Advertisement

Science China Life Sciences

, Volume 61, Issue 3, pp 328–339 | Cite as

Crop 3D—a LiDAR based platform for 3D high-throughput crop phenotyping

  • Qinghua Guo
  • Fangfang Wu
  • Shuxin Pang
  • Xiaoqian Zhao
  • Linhai Chen
  • Jin Liu
  • Baolin Xue
  • Guangcai Xu
  • Le Li
  • Haichun Jing
  • Chengcai Chu
Research Paper

Abstract

With the growing population and the reducing arable land, breeding has been considered as an effective way to solve the food crisis. As an important part in breeding, high-throughput phenotyping can accelerate the breeding process effectively. Light detection and ranging (LiDAR) is an active remote sensing technology that is capable of acquiring three-dimensional (3D) data accurately, and has a great potential in crop phenotyping. Given that crop phenotyping based on LiDAR technology is not common in China, we developed a high-throughput crop phenotyping platform, named Crop 3D, which integrated LiDAR sensor, high-resolution camera, thermal camera and hyperspectral imager. Compared with traditional crop phenotyping techniques, Crop 3D can acquire multi-source phenotypic data in the whole crop growing period and extract plant height, plant width, leaf length, leaf width, leaf area, leaf inclination angle and other parameters for plant biology and genomics analysis. In this paper, we described the designs, functions and testing results of the Crop 3D platform, and briefly discussed the potential applications and future development of the platform in phenotyping. We concluded that platforms integrating LiDAR and traditional remote sensing techniques might be the future trend of crop high-throughput phenotyping.

Keywords

crop breeding phenotypic traits data fusion LiDAR high-throughput integrated platform 

Preview

Unable to display preview. Download preview PDF.

Unable to display preview. Download preview PDF.

Notes

Acknowledgments

This work was supported by the Strategic Program of Molecular Module-Based Designer Breeding Systems (XDA08040107), and the Instrument Developing Project of the Chinese Academy of Sciences (2014129).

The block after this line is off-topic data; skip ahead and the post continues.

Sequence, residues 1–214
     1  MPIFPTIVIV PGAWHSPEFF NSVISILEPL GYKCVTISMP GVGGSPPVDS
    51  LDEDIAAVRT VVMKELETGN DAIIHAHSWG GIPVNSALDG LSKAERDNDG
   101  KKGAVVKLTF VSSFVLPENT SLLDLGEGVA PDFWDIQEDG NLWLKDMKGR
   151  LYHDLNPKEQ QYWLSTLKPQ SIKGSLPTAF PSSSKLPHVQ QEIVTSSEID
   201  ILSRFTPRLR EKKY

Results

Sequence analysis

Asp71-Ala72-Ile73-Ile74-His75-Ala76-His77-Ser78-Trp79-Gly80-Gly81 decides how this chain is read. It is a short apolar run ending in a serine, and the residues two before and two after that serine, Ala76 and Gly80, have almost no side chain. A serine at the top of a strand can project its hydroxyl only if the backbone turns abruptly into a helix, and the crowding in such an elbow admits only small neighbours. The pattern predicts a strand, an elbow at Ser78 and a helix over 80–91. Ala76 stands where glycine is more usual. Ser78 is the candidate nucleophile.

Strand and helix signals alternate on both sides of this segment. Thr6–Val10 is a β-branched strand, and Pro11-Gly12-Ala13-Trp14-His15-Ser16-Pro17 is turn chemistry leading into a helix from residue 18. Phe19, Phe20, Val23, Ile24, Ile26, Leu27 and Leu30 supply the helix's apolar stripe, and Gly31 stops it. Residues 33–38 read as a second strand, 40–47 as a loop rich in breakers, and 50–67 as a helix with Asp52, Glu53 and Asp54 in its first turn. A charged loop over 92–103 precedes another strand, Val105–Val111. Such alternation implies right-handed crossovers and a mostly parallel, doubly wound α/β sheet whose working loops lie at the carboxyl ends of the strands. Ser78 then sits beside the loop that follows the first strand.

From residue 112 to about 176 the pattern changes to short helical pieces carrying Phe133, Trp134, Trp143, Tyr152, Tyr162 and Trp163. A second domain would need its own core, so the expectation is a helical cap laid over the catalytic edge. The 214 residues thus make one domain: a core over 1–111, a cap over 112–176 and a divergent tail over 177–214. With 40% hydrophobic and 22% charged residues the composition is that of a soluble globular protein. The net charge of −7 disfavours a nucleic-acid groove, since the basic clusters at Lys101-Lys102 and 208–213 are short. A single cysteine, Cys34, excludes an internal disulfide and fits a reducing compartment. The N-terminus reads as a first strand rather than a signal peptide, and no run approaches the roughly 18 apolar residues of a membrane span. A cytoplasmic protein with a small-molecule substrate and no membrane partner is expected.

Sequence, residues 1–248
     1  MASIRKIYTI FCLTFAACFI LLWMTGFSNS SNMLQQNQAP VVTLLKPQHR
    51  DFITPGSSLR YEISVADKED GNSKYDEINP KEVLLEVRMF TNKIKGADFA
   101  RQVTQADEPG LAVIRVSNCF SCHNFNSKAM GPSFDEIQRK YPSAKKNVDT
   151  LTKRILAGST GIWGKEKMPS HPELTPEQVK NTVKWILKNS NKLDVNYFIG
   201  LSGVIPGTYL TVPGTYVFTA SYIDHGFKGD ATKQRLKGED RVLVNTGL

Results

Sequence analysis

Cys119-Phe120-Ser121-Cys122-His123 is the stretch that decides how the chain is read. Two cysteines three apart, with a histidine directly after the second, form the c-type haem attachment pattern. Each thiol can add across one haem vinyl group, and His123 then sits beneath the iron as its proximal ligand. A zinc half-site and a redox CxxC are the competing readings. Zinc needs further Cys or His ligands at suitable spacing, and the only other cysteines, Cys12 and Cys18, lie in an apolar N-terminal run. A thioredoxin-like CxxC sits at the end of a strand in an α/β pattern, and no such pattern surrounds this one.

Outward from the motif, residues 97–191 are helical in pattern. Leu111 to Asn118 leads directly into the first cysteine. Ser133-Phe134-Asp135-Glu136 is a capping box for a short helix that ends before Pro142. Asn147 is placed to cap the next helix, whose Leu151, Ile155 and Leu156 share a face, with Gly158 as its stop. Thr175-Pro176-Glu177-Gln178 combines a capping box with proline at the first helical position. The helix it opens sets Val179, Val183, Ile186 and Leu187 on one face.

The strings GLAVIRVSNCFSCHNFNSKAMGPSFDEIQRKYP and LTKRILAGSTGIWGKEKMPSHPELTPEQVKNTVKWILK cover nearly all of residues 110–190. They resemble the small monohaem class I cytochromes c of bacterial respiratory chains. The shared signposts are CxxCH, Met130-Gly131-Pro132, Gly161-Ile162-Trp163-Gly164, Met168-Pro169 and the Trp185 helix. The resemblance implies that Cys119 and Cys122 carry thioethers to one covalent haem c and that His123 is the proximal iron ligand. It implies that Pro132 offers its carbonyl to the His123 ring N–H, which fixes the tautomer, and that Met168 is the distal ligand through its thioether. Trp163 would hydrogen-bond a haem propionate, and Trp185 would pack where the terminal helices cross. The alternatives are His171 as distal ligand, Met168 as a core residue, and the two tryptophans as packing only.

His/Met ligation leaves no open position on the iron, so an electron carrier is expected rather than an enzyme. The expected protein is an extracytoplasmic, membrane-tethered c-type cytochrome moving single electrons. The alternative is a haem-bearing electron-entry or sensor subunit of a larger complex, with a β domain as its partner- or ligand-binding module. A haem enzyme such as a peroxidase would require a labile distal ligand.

References

  1. Andújar, D., Escolà, A., Rosell-Polo, J.R., Fernández-Quintanilla, C., and Dorado, J. (2013a). Potential of a terrestrial LiDAR-based system to characterise weed vegetation in maize crops. Comp Electron Agric 92, 11–15.CrossRefGoogle Scholar
  2. Andújar, D., Rueda-Ayala, V., Moreno, H., Rosell-Polo, J.R., Escolá, A., Valero, C., Gerhards, R., Fernández-Quintanilla, C., Dorado, J., and Griepentrog, H.W. (2013b). Discriminating crop, weeds and soil surface with a terrestrial LIDAR sensor. Sensors 13, 14662–14675.CrossRefPubMedPubMedCentralGoogle Scholar
  3. Andrade-Sanchez, P., Gore, M.A., Heun, J.T., Thorp, K.R., Carmo-Silva, A.E., French, A.N., Salvucci, M.E., and White, J.W. (2014). Development and evaluation of a field-based high-throughput phenotyping platform. Funct Plant Biol 41, 68–79.CrossRefGoogle Scholar
  4. Araus, J.L., and Cairns, J.E. (2014). Field high-throughput phenotyping: the new crop breeding frontier. Trends Plant Sci 19, 52–61.CrossRefPubMedGoogle Scholar
  5. Bongiovanni, R., and Lowenberg-Deboer, J. (2004). Precision agriculture and sustainability. Precis Agric 5, 359–387.CrossRefGoogle Scholar
  6. Bruinsma, J. (2009). The Resource Outlook to 2050: by how much do land, water and crop yields need to increase by 2050? FAO Expert Meeting on How to Feed the World in 2050, Rome, Italy. pp. 1–33.Google Scholar
  7. Busemeyer, L., Mentrup, D., Möller, K., Wunder, E., Alheit, K., Hahn, V., Maurer, H.P., Reif, J.C., Würschum, T., Müller, J., Rahe, F., and Ruckelshausen, A. (2013). Breedvision—A multi-sensor platform for non-destructive field-based phenotyping in plant breeding. Sensors 13, 2830–2847.CrossRefPubMedPubMedCentralGoogle Scholar
  8. Chéné, Y., Rousseau, D., Lucidarme, P., Bertheloot, J., Caffier, V., Morel, P., Belin, É., and Chapeau-Blondeau, F. (2012). On the use of depth camera for 3D phenotyping of entire plants. Comp Electron Agric 82, 122–127.CrossRefGoogle Scholar
  9. Deery, D., Jimenez-Berni, J., Jones, H., Sirault, X., and Furbank, R. (2014). Proximal remote sensing buggies and potential applications for fieldbased phenotyping. Agronomy 4, 349–379.CrossRefGoogle Scholar
  10. Dhondt, S., Wuyts, N., and Inzé, D. (2013). Cell to whole-plant phenotyping: the best is yet to come. Trends Plant Sci 18, 428–439.CrossRefPubMedGoogle Scholar
  11. Fiorani, F., and Schurr, U. (2013). Future scenarios for plant phenotyping. Annu Rev Plant Biol 64, 267–291.CrossRefPubMedGoogle Scholar
  12. Fujino, M., Endo, R., and Omasa K. (2002). Nondestructive instrumentation of water-stressed cucumber leaves: comparison among changes in spectral reflectance, stomatal conductance, psii yield and shape. Agri Inform Res 11, 161–170.Google Scholar
  13. Furbank, R.T., and Tester, M. (2011). Phenomics-technologies to relieve the phenotyping bottleneck. Trends Plant Sci 16, 635–644.CrossRefPubMedGoogle Scholar